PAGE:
Old Stockbridge Market
The remnants of a facade from a 19th-century market stall emporium.
On any given Saturday throughout the year, locals and visitors can browse through the offerings from a variety of community farmer’s markets. The markets are located in several neighborhoods spread across the city, including Leith, the Grassmarket, Castle Terrace, and Stockbridge.
The neighborhood of Stockbridge, just north of the city center, earned its name from the planks of timber that were used as a bridge to cross the Water of Leith. In 1825, an architect by the name of Archibald Scott was commissioned to construct a structure that would house several market stalls and would service the adjoining tenements. This early market place was said to be modeled after the one located in Liverpool. The old market location can be found between St. Stephen Place and Hamilton Place. It remained in operation for over another 75 years.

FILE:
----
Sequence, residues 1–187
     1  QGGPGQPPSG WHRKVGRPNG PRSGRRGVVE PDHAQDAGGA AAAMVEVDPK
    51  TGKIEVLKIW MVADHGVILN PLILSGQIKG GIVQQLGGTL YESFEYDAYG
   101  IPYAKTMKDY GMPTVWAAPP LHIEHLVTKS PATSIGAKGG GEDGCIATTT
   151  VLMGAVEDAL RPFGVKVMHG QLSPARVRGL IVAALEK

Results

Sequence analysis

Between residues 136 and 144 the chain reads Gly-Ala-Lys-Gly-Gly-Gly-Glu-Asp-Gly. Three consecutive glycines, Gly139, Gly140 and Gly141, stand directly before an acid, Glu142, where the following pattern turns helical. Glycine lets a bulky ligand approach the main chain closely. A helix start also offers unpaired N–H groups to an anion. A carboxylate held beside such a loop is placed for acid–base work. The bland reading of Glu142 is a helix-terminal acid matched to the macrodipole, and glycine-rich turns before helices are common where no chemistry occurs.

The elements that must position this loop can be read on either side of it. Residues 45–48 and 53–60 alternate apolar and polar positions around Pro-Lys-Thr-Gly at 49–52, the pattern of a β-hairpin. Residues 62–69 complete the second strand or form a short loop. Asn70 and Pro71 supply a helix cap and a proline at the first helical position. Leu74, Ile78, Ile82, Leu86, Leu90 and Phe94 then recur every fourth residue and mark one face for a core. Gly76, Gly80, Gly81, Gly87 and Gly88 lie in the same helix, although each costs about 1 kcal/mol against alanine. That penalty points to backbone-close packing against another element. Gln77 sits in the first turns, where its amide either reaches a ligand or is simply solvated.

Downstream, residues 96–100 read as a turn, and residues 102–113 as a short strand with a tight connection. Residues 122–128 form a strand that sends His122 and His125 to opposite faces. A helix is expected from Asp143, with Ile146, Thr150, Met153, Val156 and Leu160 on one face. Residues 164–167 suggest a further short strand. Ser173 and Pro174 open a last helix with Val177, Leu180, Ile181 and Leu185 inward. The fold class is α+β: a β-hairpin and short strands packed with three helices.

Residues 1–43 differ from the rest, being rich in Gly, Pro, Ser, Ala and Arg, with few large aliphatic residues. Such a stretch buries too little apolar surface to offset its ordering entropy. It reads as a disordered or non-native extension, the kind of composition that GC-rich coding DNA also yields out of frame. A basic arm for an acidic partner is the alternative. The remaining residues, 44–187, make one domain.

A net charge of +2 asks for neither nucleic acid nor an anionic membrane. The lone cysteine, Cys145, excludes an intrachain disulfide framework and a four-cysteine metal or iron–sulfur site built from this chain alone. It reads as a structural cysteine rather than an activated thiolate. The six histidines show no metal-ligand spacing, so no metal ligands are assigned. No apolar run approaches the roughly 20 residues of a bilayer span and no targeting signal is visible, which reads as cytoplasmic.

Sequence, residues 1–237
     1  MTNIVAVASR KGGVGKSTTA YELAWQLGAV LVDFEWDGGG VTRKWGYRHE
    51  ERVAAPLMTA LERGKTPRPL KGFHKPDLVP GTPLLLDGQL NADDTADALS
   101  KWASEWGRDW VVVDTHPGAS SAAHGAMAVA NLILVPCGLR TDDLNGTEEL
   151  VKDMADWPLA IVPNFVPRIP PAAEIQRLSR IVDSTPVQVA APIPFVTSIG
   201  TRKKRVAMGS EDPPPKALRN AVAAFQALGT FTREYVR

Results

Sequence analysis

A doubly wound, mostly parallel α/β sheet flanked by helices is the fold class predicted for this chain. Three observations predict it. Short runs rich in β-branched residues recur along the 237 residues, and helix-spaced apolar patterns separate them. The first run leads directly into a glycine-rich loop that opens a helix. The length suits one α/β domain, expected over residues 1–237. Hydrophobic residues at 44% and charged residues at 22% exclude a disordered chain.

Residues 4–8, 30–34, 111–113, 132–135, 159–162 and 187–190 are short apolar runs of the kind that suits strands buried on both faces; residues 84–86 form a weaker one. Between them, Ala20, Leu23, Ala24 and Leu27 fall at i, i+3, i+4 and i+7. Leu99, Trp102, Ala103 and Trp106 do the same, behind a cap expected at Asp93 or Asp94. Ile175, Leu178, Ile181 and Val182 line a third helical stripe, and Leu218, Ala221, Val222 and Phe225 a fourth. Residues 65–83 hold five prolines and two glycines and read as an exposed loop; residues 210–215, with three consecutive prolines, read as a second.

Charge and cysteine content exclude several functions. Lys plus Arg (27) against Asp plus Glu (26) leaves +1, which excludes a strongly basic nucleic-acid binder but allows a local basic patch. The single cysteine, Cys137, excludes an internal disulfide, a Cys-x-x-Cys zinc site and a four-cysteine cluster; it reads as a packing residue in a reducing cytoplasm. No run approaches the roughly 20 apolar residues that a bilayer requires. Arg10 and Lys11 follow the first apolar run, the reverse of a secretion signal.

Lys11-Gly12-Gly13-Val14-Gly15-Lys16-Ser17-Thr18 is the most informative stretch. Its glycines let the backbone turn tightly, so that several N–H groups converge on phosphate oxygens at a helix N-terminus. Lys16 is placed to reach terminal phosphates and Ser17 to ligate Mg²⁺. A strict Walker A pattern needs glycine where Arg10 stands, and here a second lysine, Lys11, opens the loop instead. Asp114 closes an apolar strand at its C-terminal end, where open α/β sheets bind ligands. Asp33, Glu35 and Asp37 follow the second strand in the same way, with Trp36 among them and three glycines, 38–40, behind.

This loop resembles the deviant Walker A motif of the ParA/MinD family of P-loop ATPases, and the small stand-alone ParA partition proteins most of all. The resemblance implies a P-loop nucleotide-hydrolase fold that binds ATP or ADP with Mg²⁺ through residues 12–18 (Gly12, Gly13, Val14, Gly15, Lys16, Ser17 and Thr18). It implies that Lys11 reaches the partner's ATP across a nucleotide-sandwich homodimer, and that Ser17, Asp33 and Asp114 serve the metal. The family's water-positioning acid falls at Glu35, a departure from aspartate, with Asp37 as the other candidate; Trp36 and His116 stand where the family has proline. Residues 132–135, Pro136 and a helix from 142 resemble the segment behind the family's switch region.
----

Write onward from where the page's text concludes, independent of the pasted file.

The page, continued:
Its eventual demise was due to several complaints about the market’s noise and odors. The market would cease operations in 1906. All that remains today of this Category “B” Listed building are the fluted Greek Doric columns, a detailed gas lamp fixture, and the words: “Stockbridge Market –Butcher Meat, Fresh Fruit, Fish & Poultry.”
Today, St Stephen Place is lined with posh art dealers and fashionable boutiques.
Know Before You Go
Though there is no market currently in existence today. However, the Stockbridge Farmer's Market, between Saunders and Kerr Streets, operates every Sunday from 10 a.m. to 5 p.m.
There is a pedestrian passageway that connects St Stephen Place to Hamilton Place. The area is open and permissible 24/7.
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